Golf on the N’side growing in popularity among junior players

After plateauing in recent years, junior golf on the Northside again appears to be on the upswing.

Local experts credit a number of factors, from the return of Tiger Woods to national prominence to the involvement of local golf pros, and the rise of new programs designed to get kids playing golf at early ages.

It doesn’t hurt that parents like the sport. Golf is not as violent as football, plus, moms and dads can play the game with their kids. Enthusiasts are also keenly aware that several junior golfers from the Northside have gone on to make names for themselves in college.

“We’re seeing a large group of parents now pushing their kids toward golf, to at least try it, especially from those parents who grew up playing the staple sports,” said Mississippi Golf Association (MGA) Executive Director Carter Page. “Most of them tell you they did that because it’s a game they can play their entire life. It’s not a collision sport.”

Longevity, as well as the ability to make lifelong friends, is one reason Mark Markow got his son John involved in the game. “Golf is one of only a few youth sports that, outside of becoming a professional, offers worthy opportunities beyond high school,” he said.

Markow also said it’s the only sport the two can play together.

Page also credits the world’s most well-known golfer’s recent successes to the sport’s new rise in popularity.

“I hate to put it on one person, but I think it’s the resurgence of Tiger Woods,” he said.

Woods returned to professional golf in late 2017 and became competitive again in 2018, winning his 80th tournament, tying for second in the PGA Championship and sixth in the Open Championship. This year, he won his fifth Masters Tournament to much fanfare.

Margo Coleman, executive director of First Tee of Central Mississippi said other professional players have also helped golf shed its image as a pastime for flabby, old men.

“Brooks Koepka, so many of the young players are fit and athletic,” she said. “It’s not an old man or old lady’s game.”

Coleman, who served as director of the state golf association for nearly two decades before joining First Tee, said local golf pros, as well as the emergence of programs designed to grow youth golf participation, have also played a role. 

“Usually, it’s a local golf pro that gets it started – gets juniors engaged by having camps and classes that introduce them to golf and keep competitive those that want to play in college,” she said.

The proof is in the pudding. This year, more than 100 children and teens participated in MGA’s Junior Amateur Championship. The event was held late July in Tunica.

“We were really excited about the field strength,” Page said.

Local training programs are also seeing strong numbers. Three camps held this summer at the Country Club of Jackson (CCJ) logged 130 participants. In the last two years, the camps had just over 100 participants each, said CCJ Director of Instruction Cory Vincent.

Meanwhile, CCJ’s new Operation 36 and Future Operation 36 programs, which target golfers between three and 15 years old, have had 60 participants.

“When I arrived in Jackson, the high school-aged golfers at CCJ were arguably the best at any club in the country. It was all the guys that are currently playing SEC golf,” he said. Those players included Wilson Furr and Simms Abney, now both at the University of Alabama, as well as Jack Gnam, now at the University of Mississippi.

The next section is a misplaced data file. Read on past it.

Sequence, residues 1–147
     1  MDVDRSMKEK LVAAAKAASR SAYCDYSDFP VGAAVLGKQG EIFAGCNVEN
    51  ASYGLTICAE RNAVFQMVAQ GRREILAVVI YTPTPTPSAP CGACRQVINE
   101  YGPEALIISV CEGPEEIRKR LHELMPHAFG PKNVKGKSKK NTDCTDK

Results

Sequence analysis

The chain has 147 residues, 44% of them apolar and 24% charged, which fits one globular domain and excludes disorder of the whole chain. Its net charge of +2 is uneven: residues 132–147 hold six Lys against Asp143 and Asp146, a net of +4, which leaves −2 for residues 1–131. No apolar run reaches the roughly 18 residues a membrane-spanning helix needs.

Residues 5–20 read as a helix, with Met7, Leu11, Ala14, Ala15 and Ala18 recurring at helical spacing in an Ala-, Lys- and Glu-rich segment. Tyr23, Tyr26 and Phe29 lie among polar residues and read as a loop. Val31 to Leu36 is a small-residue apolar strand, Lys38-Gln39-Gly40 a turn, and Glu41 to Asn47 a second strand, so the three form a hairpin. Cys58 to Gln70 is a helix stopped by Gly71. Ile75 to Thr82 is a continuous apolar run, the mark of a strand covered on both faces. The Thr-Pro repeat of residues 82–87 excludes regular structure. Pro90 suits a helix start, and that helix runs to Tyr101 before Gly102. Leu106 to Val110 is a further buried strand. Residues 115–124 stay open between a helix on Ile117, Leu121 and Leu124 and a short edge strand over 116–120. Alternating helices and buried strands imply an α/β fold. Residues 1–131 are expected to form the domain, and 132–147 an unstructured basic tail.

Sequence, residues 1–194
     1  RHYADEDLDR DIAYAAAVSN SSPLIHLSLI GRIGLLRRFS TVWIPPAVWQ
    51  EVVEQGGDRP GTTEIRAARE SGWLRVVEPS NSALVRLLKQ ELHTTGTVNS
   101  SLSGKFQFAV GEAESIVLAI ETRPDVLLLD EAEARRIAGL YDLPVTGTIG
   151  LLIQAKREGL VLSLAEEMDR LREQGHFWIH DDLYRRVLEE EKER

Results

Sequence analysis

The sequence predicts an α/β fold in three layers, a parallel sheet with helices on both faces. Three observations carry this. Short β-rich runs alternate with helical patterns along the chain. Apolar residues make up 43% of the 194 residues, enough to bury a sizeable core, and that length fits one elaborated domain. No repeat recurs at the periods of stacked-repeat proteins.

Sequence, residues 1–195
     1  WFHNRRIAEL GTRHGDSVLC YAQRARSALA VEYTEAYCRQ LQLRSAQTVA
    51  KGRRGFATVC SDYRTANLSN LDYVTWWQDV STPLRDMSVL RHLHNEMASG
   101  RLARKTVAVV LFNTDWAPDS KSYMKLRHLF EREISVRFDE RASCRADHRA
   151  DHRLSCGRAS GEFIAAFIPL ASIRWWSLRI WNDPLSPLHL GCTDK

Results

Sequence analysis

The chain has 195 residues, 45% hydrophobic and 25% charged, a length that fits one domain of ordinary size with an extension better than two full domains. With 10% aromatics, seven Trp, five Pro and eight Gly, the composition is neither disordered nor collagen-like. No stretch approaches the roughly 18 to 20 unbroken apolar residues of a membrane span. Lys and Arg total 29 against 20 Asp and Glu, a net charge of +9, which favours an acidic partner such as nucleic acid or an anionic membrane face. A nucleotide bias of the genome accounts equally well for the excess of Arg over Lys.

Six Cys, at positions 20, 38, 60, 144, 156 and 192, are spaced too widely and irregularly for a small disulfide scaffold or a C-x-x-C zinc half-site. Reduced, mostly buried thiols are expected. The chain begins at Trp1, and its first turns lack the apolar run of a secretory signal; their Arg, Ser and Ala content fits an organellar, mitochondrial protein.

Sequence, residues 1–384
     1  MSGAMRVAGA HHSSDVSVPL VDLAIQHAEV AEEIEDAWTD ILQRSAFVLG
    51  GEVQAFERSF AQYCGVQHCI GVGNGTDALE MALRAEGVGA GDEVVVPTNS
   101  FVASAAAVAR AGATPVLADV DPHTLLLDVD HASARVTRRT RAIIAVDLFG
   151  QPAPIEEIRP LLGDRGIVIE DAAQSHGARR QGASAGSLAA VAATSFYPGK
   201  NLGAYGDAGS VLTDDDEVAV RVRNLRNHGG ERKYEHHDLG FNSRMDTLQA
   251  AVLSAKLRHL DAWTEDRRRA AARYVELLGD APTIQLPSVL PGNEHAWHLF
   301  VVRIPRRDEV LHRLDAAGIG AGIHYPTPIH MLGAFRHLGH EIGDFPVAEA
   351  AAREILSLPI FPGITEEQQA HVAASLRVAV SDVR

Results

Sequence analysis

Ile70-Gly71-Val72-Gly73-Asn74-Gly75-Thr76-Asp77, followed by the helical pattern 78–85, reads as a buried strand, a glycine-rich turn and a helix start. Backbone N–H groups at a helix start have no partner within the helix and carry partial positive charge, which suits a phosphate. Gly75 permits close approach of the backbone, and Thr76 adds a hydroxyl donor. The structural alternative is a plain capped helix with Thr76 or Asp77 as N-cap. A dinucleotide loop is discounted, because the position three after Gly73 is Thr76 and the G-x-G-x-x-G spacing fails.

“If there was any chance of us continuing to produce more golfers the key was to make sure we provided an opportunity to our youngest members,” he said. 

CCJ adopted its Future Operation 36 (ages 3-7) to teach young kids the basics, including proper posture and putting, in an age-appropriate manner.

The Operation 36 program (ages 7-15) is designed to help juniors shoot a 36 or lower while playing nine holes.

The latter “has been a real game changer in developing golfers,” he said.

Other local programs are also doing well.

U.S. Kids Golf, which was started locally by Chad Darby, head golf pro and director of instruction at Annandale Golf Club, has posted strong participation rates during its 2019 summer season. 

The program teaches juniors ages 14 and younger the rigors of tournament play through events at various golf clubs and country clubs in the area.

The most recent tournament event, held at the Country Club of Canton on July 8, drew 46 participants, while the same tournament last year drew 41, according to U.S. Kids’ website.

First Tee uses golf to teach children life lessons. programs are held in local schools as well as at out-of-school camps.

Thirty-five kids attended First Tee’s spring kick-off clinic, while 13 others signed up for the spring life skills program, Coleman told the Sun earlier this year. She hoped to increase those numbers at clinics in the summer and fall.

Another encouraging factor for local golf pros is the growing participation in junior girls activities.

“This summer, about 20 percent of our campers were girls,” Vincent said. “These numbers are significantly up from five years ago when I repeatedly was asked to have a girls-only camp because there weren’t that many girls enrolled.”

Coleman credits the increase to the rise of players like Lexi Thompson on the LPGA tour, as well as the success of local golfers like Blair Stockett, now at Mississippi State University.

Add to that the fact the women’s golf team at Ole Miss recently won their first Southeastern Conference title, and Coleman believe girls’ golf will continue to grow in popularity.

“It’s a goal these ladies can put on their lists,” she said. “It will definitely give confidence to little girls.”

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